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The supposed ‘simple tax’ VAT impacts on many businesses, both big and small across the country and there are many considerations that should be made in relation to it. In this article, I will set out ten of the key areas and issues that arise on a weekly basis for our clients at Armstrong Watson.
This may sound like one of the simplest questions surrounding VAT, however, it is an area that still causes a degree of confusion for businesses. The current registration threshold is £85,000 and this should be reviewed on a rolling 12-month basis, not just based on the turnover figure included in your annual accounts.
It is also important to consider what should be included when monitoring the £85,000 threshold. For example all taxable income, including zero rated income is included, but income deemed to be exempt or outside the scope of VAT is excluded. If you purchase services from outside the UK, then this may be accounted for under the reverse charge rules, with the value of these transactions also counting towards your VAT turnover, despite actually being an expense to your business.
The flat rate scheme is intended to act as a simplification for small businesses. Instead of calculating output VAT payable on income and the input VAT recoverable on expenditure, a flat rate of VAT payable is calculated on the total turnover achieved.
This can be especially beneficial for businesses which do not incur a high amount of expenditure with input VAT charged on it.
HMRC have restricted the benefits of the flat rate scheme, particularly for service based businesses with the introduction of the limited cost trader rules on 1 April 2017. Any businesses currently using the flat rate scheme, should review their position to check that it is still beneficial to them.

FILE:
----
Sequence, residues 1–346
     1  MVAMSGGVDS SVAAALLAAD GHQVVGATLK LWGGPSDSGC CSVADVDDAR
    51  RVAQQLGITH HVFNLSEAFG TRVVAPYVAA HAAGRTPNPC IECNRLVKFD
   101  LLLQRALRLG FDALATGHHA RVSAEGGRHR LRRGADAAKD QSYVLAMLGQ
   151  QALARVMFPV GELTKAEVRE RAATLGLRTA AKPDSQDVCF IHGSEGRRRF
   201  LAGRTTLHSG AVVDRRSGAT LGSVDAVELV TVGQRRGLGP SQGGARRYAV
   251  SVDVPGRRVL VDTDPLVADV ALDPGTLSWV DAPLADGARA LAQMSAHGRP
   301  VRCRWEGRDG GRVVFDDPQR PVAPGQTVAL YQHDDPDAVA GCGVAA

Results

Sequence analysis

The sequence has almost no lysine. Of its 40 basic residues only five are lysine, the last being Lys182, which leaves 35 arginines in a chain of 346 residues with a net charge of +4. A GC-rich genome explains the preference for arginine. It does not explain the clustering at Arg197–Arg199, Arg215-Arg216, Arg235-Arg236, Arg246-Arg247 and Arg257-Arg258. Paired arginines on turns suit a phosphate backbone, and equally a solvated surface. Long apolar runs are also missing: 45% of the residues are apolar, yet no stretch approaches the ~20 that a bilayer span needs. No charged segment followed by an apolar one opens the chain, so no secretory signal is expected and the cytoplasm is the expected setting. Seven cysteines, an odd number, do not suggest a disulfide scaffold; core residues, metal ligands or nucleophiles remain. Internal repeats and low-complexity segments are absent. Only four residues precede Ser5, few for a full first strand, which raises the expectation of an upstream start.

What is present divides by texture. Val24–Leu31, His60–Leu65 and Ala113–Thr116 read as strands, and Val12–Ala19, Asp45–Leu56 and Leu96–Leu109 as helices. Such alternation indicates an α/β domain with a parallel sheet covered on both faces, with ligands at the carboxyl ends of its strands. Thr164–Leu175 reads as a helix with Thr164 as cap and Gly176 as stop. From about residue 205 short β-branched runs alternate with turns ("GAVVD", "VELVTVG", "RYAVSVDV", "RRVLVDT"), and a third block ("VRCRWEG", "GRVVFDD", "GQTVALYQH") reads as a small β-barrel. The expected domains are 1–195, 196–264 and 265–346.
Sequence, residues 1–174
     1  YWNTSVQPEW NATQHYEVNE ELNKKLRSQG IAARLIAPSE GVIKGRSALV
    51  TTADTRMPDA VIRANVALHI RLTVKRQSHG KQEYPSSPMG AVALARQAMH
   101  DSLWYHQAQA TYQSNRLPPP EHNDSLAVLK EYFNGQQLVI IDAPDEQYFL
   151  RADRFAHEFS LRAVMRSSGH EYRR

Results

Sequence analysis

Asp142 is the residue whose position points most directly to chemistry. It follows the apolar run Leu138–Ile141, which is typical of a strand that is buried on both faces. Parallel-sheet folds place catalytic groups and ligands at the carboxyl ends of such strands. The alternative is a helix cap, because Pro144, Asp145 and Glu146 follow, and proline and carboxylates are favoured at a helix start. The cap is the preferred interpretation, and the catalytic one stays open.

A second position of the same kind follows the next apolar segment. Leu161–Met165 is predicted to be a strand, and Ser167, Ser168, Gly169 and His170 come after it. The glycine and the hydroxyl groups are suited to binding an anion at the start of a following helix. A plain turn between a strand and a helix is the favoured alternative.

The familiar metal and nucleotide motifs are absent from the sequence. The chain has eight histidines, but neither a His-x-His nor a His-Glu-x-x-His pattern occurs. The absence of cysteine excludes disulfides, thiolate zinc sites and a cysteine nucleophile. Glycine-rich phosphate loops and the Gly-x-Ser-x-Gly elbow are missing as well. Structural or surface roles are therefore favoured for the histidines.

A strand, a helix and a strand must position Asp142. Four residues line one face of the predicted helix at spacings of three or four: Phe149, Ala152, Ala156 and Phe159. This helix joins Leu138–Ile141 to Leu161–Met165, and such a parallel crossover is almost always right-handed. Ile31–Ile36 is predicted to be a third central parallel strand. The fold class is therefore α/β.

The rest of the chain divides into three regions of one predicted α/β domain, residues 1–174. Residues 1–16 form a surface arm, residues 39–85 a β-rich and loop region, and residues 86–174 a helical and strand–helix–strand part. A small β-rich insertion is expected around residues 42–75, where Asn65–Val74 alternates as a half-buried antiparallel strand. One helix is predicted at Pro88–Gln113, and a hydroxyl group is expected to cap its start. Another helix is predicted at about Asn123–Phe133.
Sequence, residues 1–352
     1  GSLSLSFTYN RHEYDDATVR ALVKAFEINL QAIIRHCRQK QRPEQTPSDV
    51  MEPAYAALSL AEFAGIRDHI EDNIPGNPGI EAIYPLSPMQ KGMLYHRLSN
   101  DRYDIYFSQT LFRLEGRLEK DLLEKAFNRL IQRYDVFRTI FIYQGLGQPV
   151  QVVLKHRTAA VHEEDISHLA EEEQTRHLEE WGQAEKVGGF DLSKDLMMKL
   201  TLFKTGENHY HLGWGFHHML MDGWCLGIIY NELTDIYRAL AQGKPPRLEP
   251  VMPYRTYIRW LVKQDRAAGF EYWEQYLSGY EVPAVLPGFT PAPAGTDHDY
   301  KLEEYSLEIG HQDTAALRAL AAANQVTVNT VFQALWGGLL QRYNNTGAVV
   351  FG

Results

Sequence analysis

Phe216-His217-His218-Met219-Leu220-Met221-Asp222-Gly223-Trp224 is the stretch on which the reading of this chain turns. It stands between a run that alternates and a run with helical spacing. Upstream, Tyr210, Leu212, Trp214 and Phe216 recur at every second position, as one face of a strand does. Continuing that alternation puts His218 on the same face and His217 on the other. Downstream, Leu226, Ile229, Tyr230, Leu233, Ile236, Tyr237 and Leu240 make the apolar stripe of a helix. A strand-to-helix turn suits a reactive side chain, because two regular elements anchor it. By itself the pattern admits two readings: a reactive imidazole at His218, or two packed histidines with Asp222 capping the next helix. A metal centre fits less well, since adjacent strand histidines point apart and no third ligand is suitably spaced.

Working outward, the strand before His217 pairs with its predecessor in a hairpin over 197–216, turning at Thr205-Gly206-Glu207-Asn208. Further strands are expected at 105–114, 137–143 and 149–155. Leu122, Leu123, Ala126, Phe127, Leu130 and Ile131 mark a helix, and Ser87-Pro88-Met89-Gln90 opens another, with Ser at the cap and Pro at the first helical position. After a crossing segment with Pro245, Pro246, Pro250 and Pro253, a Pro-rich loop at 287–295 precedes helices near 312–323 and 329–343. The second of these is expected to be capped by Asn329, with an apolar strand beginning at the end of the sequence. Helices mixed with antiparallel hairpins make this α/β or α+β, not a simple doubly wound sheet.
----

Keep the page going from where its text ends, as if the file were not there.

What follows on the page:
Entry to the flat rate scheme is available for businesses with an expected annual turnover of less than £150,000. Once in the scheme, you will only be required to leave the scheme when annual gross turnover exceeds £230,000.
Cash accounting is available for any business with an expected annual turnover below £1.35million. Under cash accounting rules, you only pay output VAT to HMRC once you have received payment from your customers, therefore mitigating any cash flow disadvantage created by slow payers.
Correspondingly, you can only recover input VAT once payment has been made to your suppliers, so cash accounting isn’t suitable for everyone, but is certainly worth some consideration if cash flow problems are being experienced.
When using the cash accounting scheme it is important to review your turnover on a quarterly basis as once this exceeds £1.6million for a 12 month period, you will need to revert to invoice based accounting, with potential cash flow issues arising from this change.
Partial exemption is an area that can strike fear into businesses (and in some cases VAT advisors too). It is a complicated area of the VAT legislation and if your business does make a mixture of taxable and exempt supplies then it is vital to have your input VAT recovery reviewed on a regular basis.
Some of the more common exempt supplies we see in our client’s businesses are in relation to services involving property, education, health and welfare, finance and insurance.
Partial exemption is also a key issue affecting the charities we represent, with an added complication here being non-business income, such as grants that also need to be taken into consideration when determining how much input VAT can be recovered.
YES! The answer to this question will always be yes.
In every property transaction, be it buying, selling, leasing, constructing, converting, extending or demolishing, VAT should be considered.
The considerations vary between residential and commercial properties. There are too many different areas to discuss here but there are always considerations that need to be made.
It is vital that VAT is reviewed early on in any potential property transaction, so that any potential planning can be put in place, or any nasty surprises can be avoided.